Takes a whole village to calm me down

Last week I was unable to write and it took me until Sunday to figure out why.

My youngest son is going away and I am not happy about it. There I said it.

I have tried every little trick in the book to get him to stay at home, but he has decided that it’s time to fly the coop. Last year he applied to go to school in Edmonton and BC, but using some well developed tricks that I developed over the years, I was able to get him to stay at home and go to school in Calgary.

Ford makes great cars. The model comes with Bluetooth, Satellite radio and the works.  He even got a trip to Toronto thrown in. It worked.

This year I had nothing to offer and his urge to fly is stronger than my ability to bribe, so in 3 weeks he will be gone to the University of Saskatchewan to continue his Engineering program. Ever been to Saskatoon in the winter time? Me neither, but all reports say it is awfully cold. I gave him a really warm coat, he will need it. Maybe after a year he may decide I am not such a bad roommate, but he will be in for a surprise, we have plans for his room.  Great commercial.

You may recall from an earlier blog that I admitted to being a helicopter parent. I actually followed my kids around like they were royalty, walking a few steps behind them everywhere they went. I also drove them everywhere if required; my minivan had over 500,000km, most soccer runs. I thought I had it all covered, I was able to raise perfect children.

My kids are adults now and they are beginning to tell me stories about life as teenagers. How could I have missed so much, I get embarrassed and total surprised by their stories, I am not able to write about them so I won’t.  I didn’t give my kids an allowance, there was no need, they had no place to spend money plus I pretty much gave them everything they needed or so I thought.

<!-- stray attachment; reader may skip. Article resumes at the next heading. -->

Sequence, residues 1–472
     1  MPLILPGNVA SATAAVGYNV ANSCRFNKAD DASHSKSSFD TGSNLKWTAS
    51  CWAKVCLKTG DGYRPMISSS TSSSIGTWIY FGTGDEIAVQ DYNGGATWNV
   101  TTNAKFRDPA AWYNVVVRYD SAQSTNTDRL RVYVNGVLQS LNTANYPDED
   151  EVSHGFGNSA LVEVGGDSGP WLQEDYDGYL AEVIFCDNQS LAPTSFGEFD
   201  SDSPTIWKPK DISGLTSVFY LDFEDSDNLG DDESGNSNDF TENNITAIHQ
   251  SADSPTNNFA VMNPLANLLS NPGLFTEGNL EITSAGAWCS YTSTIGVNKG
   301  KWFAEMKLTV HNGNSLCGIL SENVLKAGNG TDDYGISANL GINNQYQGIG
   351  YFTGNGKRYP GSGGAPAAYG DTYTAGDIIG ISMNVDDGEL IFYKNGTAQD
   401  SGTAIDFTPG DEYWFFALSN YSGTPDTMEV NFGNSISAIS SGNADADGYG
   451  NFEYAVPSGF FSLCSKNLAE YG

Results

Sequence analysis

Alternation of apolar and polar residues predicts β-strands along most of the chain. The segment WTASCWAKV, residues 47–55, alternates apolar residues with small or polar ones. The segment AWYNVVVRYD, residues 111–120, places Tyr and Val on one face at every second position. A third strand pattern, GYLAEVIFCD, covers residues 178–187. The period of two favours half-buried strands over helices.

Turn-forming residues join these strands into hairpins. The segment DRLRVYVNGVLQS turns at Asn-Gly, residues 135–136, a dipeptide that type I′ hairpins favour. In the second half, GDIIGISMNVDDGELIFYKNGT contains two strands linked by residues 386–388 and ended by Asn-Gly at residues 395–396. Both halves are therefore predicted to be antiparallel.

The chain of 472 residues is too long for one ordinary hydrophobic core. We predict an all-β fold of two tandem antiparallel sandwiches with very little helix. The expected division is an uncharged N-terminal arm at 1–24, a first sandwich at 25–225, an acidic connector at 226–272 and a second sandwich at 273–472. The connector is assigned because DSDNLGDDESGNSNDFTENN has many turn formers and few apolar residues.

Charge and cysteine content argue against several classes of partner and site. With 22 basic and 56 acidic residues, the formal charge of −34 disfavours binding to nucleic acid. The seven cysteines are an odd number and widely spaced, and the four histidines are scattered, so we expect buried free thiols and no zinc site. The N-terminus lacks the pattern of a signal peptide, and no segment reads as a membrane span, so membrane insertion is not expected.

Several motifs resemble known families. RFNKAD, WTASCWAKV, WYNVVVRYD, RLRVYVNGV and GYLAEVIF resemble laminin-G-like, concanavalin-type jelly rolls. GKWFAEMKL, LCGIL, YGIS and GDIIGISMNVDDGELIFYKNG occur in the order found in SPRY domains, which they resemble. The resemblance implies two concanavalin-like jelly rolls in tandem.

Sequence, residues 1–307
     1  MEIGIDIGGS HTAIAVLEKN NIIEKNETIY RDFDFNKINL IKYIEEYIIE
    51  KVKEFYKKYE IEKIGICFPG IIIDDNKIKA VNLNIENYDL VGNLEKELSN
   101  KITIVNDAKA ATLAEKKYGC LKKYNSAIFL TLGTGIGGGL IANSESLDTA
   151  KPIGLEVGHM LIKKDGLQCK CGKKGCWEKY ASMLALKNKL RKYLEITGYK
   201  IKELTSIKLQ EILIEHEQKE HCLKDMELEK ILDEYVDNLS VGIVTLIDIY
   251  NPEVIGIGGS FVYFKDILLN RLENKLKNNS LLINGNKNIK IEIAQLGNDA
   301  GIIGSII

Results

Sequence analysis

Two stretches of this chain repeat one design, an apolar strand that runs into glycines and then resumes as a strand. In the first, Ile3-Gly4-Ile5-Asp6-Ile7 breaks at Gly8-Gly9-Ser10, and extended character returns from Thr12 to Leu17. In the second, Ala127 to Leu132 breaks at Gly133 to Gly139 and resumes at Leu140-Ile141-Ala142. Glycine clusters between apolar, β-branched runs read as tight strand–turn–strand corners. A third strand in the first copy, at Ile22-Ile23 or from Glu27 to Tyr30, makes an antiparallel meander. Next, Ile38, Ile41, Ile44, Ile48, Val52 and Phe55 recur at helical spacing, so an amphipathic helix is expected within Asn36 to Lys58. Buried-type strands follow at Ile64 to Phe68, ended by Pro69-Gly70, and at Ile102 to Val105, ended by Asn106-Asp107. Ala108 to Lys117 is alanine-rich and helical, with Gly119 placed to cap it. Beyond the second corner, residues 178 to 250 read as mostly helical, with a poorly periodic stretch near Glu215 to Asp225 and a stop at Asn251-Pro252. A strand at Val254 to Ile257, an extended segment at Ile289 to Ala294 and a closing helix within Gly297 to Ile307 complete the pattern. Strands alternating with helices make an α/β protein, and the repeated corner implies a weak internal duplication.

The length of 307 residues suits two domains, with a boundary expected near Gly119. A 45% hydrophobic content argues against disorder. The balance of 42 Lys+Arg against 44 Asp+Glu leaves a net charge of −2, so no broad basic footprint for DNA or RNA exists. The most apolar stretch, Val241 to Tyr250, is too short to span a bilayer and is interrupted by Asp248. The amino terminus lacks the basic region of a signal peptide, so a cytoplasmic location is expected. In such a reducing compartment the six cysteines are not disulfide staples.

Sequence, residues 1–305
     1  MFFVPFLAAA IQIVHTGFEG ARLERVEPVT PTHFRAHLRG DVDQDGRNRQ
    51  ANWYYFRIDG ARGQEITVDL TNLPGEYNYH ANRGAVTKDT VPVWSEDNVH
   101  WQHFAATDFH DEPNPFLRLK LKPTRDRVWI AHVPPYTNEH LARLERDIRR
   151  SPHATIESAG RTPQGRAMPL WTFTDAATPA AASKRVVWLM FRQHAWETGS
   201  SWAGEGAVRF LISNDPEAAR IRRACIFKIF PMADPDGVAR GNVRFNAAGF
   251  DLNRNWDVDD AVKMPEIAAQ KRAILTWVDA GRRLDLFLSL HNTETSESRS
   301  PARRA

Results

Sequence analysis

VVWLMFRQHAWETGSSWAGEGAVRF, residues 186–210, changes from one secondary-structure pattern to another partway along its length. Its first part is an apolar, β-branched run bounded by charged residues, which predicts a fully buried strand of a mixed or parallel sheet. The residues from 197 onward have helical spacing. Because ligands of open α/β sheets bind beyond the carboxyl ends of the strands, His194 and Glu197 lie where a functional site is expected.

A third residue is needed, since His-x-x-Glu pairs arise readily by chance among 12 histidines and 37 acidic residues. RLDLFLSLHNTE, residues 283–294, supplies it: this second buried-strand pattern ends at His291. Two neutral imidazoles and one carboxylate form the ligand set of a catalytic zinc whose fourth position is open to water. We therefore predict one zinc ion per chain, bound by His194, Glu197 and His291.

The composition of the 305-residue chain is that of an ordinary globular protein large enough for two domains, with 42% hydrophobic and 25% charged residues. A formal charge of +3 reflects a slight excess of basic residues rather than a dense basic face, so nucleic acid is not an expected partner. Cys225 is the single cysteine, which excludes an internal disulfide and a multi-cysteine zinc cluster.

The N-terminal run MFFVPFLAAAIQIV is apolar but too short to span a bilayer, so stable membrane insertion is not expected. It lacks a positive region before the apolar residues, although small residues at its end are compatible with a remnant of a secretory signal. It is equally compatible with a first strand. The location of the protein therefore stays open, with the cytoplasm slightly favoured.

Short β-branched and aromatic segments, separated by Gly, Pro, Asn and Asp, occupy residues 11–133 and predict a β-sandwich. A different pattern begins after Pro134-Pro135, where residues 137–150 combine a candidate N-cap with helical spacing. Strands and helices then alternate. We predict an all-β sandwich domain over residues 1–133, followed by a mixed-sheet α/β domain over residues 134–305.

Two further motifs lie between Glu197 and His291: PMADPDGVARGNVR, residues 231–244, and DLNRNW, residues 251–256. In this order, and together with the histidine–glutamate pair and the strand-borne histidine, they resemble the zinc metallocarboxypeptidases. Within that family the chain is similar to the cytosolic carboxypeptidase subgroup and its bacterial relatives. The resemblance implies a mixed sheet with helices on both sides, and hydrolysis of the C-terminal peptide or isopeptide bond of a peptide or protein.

Jo stayed home for three months when J2 was born. The first day back to work she committed the cardinal sin; she called the sitter to see how things were going. It turned out to be a pivotal moment in our lives.

Starting the next day after that call, Jo stayed with the kids for several years as D and E came along. When we got totally broke Jo had to go back to work and we hired a live in nanny for a couple of years.  She moved out as the kids got older and we hired another nanny to come in everyday and mind the kids.  Eventually we did not need her, the little one was now in school full days which coincided nicely with me losing my job, no I did not purposely lose it, so guess what, I stayed ‘home’ for about 4 years.

 I actually started my own home based software company, working when the kids were in school.

The last 3 kids went to a French Catholic School where the students are bussed. The bus picked them up in front the house and dropped them off in front of the house; they had no time to get in trouble.  One by one they went off to high school and had to take public transportation. At first I drove but then it became impossible.

Then I lost control.

I avoid talking to my daughters about their teenage years after all they were angels and Ill like to keep it that way.  My boys on the other hand have stories that I still don’t know how it was possible for them to have actually done the things they talk about.

As it turned out we were justified in our parenting style, we could not leave them alone.

So you ask yourself, how did I get this way?

Growing up in St Kitts the whole village raised you. My dad was very strict so to do anything I had to be sneaky.  For the most part the kids I grew up with had a lot more freedom than me to move around so to fit in I had to be very creative.

Unlike my kids I had to work really hard with my dad.  If I was to list my chores you would feel sorry for me, but don’t, I devised ways to go out and have fun like my friends.